Surcharge for Poor Health Habits
More companies are adopting incentives for good health and disincentives for those who aren’t as careful.
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The Responsibility Project
In the last week, one of the nation’s largest convenience store chains has sat under a bright spotlight for its latest initiative – requiring all employees who participate in a work-provided health plan to undergo an annual health exam for (among other things) blood sugar, blood pressure and body mass and weight, and share the results with the company.
If employees of this company don’t schedule their checkup within the next year, they’ll be assessed a $600 annual surcharge, in the form of a recurring $50 monthly fee, on top of their regular premium cost.
In an email to reporters, the company cited the growing use of health screenings by employer-sponsored health plans, with a National Business Group on Health survey finding that 76 percent of employers who offered a health assessment in 2011 also offered incentives for completion.
A USA Today story noted that health incentive programs gained new popularity after a 2006 change to health care laws that clarified the legality of some incentives over others. The paper reported that 54 percent of employers offered the programs in 2012, up from 49 percent in 2010.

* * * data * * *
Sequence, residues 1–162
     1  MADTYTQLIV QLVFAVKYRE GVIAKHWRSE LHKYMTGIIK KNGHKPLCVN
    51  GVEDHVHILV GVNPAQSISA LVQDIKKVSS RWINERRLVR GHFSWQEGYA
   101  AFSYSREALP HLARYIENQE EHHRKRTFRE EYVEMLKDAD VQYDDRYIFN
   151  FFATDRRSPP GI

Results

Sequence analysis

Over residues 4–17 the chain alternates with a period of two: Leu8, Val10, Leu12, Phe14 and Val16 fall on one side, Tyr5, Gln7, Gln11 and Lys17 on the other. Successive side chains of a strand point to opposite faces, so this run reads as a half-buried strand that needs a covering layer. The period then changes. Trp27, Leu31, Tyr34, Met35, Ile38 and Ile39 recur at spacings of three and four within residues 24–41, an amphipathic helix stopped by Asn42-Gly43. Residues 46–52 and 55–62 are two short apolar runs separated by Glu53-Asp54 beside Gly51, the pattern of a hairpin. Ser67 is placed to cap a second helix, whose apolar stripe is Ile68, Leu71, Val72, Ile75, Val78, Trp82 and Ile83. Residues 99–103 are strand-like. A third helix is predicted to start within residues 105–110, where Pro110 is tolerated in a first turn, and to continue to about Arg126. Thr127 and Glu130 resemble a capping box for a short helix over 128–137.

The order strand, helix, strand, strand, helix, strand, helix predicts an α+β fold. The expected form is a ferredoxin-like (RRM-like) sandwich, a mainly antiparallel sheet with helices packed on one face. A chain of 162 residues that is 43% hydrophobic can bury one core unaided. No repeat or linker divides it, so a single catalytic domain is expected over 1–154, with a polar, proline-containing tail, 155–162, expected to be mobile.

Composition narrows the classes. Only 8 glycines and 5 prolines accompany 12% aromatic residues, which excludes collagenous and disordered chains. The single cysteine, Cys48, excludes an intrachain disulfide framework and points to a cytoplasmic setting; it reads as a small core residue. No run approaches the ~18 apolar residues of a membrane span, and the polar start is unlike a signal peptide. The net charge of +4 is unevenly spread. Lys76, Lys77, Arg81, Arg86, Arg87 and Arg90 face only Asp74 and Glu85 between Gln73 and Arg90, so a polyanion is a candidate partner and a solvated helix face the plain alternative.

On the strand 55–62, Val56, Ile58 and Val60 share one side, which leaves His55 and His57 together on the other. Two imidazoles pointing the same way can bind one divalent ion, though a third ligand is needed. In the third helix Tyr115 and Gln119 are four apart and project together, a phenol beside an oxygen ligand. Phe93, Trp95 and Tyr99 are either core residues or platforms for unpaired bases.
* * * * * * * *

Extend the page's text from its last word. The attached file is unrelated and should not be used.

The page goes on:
The company, which wrote to its employees that they would not only have to manage their numbers (as in weight and blood pressure, etc.), but also need to be smoke-free or signed up for the company’s tobacco-cessation program to avoid the surcharge, has been loudly criticized for coercion since it made the policy public. According to critics, the policy is not so much incentive for good health as it is a penalty for not being in great shape.
But a Forbes article indicates that plenty of other companies are already headed in this direction. According to new data from Aon Hewitt, the global human resources consultancy, nearly 60 percent of U.S. employers plan to “impose consequences on participants who do not take appropriate actions for improving their health.”
Jim Winkler, chief innovation officer for health and benefits at Aon Hewitt, told Forbes that as more and more companies adopt the belief that employees must be on a path to better health, “Employers are increasingly adopting this type of ‘house money/house rules’ approach. Whether it’s through a reward or consequence, they are reserving a portion of their health care dollars for those employees who exhibit good health behaviors or who can show measurable progress toward their health goals,” he said.
And despite the concerns about worker privacy, Forbes noted, employers only know that workers took the test – not how they turned out. The tests and screenings are designed for employees to manage themselves.
What are your thoughts on incentives (and disincentives)? Would you be more likely to make choices for your own health if your money were on the line? And do you think the new measure is coercive, or just a sign of changing times?